COVID-19 and family violence: is this a perfect storm?

Kim Usher, Caroline Bradbury Jones, Navjot Bhullar, Dr Joanne Durkin*, Naomi Gyamfi, Syadani Riyad Fatema, Debra Jackson

*Corresponding author for this work

Research output: Contribution to journalArticlepeer-review

1 Citation (Scopus)
49 Downloads (Pure)


Disasters including public health crises like the COVID-19 pandemic are known to increase instances of family violence against women, children, and other diverse populations. This paper discusses and provides evidence of disaster-related vulnerability of and violence towards specific groups of people. We argue that the COVID-19 pandemic presents the ‘perfect storm’ for family violence, where a set of rare circumstances combine, resulting in a significant aggravation of the resulting event. Given the mental health implications of family violence, mental health professionals need to be aware of this issue during the pandemic and ready to assist with the development of strategies to overcome the situation where possible. To provide protection and prevent violence, there is a need to include at-risk groups in disaster response and community planning. Such a plan could involve gender and disaster working groups at the local community, state, and national levels.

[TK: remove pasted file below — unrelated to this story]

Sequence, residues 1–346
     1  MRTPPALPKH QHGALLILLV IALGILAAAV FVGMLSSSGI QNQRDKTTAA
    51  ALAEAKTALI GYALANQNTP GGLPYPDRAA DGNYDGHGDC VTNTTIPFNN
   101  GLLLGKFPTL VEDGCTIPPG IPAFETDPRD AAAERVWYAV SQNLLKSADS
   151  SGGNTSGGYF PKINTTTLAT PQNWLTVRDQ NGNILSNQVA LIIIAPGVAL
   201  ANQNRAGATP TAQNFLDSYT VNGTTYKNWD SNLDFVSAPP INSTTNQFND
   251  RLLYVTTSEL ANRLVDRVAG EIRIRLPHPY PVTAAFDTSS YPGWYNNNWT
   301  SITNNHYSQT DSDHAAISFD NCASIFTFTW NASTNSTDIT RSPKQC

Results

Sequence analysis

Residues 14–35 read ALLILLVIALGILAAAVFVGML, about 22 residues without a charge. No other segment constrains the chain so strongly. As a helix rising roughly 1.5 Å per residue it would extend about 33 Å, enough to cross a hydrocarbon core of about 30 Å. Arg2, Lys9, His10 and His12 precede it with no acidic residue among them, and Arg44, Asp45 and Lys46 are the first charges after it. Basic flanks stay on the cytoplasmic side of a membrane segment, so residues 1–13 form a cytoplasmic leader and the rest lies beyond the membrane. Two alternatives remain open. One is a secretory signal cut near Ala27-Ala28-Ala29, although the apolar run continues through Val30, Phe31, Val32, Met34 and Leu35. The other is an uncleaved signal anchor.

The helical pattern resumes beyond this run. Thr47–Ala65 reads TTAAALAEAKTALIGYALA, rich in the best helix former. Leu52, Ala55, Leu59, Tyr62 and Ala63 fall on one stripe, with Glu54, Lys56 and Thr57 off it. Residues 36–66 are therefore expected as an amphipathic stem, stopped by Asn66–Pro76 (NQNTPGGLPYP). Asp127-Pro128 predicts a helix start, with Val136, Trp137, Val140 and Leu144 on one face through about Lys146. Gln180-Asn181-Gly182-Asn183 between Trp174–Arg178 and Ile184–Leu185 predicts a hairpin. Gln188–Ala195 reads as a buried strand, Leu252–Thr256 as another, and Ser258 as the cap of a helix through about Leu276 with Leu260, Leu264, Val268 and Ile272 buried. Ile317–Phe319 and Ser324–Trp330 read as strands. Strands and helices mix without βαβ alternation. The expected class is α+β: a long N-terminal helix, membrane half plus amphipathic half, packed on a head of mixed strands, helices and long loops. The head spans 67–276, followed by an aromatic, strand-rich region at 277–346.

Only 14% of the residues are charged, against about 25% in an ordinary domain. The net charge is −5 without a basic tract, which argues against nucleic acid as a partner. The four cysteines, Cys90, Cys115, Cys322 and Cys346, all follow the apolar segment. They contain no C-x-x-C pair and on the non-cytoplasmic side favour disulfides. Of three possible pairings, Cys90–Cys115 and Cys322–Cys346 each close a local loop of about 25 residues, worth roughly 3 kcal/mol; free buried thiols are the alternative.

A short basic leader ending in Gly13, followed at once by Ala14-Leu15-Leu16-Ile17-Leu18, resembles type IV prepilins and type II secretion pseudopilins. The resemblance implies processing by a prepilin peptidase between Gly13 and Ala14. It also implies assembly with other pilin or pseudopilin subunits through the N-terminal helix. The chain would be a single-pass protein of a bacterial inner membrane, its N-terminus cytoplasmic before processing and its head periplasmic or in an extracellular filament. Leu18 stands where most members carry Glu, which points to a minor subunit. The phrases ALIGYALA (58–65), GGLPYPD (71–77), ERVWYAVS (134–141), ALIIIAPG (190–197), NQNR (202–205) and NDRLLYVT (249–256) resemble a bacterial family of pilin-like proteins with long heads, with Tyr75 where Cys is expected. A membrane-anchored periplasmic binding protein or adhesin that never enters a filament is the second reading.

Original languageEnglish
Pages (from-to)1022-1032
Number of pages11
JournalInternational Journal of Mental Health Nursing
Issue number4
Early online date18 May 2021
Publication statusPublished - Aug 2021

Bibliographical note

Publisher Copyright:
© 2021 John Wiley & Sons Australia, Ltd


  • COVID-19
  • disaster
  • domestic violence
  • pandemic
  • trauma
  • violence

ASJC Scopus subject areas

  • Phychiatric Mental Health


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